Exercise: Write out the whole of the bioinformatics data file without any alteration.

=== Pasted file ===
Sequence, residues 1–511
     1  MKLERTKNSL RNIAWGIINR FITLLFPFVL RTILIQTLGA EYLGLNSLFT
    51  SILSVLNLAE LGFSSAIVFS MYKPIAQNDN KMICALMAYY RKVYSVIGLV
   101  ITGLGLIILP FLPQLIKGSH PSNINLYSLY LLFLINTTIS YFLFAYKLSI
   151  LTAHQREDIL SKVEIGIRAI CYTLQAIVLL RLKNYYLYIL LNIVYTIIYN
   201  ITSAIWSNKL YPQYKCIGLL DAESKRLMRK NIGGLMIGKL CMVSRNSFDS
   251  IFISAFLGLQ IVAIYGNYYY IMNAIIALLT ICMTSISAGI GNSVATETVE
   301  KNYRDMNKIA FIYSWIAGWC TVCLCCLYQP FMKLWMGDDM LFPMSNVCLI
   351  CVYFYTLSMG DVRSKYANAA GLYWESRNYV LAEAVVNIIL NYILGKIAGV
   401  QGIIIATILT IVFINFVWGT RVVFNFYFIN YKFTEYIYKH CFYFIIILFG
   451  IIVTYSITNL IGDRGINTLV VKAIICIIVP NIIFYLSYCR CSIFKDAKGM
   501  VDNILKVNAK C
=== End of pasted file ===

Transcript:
Sequence, residues 1–511
     1  MKLERTKNSL RNIAWGIINR FITLLFPFVL RTILIQTLGA EYLGLNSLFT
    51  SILSVLNLAE LGFSSAIVFS MYKPIAQNDN KMICALMAYY RKVYSVIGLV
   101  ITGLGLIILP FLPQLIKGSH PSNINLYSLY LLFLINTTIS YFLFAYKLSI
   151  LTAHQREDIL SKVEIGIRAI CYTLQAIVLL RLKNYYLYIL LNIVYTIIYN
   201  ITSAIWSNKL YPQYKCIGLL DAESKRLMRK NIGGLMIGKL CMVSRNSFDS
   251  IFISAFLGLQ IVAIYGNYYY IMNAIIALLT ICMTSISAGI GNSVATETVE
   301  KNYRDMNKIA FIYSWIAGWC TVCLCCLYQP FMKLWMGDDM LFPMSNVCLI
   351  CVYFYTLSMG DVRSKYANAA GLYWESRNYV LAEAVVNIIL NYILGKIAGV
   401  QGIIIATILT IVFINFVWGT RVVFNFYFIN YKFTEYIYKH CFYFIIILFG
   451  IIVTYSITNL IGDRGINTLV VKAIICIIVP NIIFYLSYCR CSIFKDAKGM
   501  VDNILKVNAK C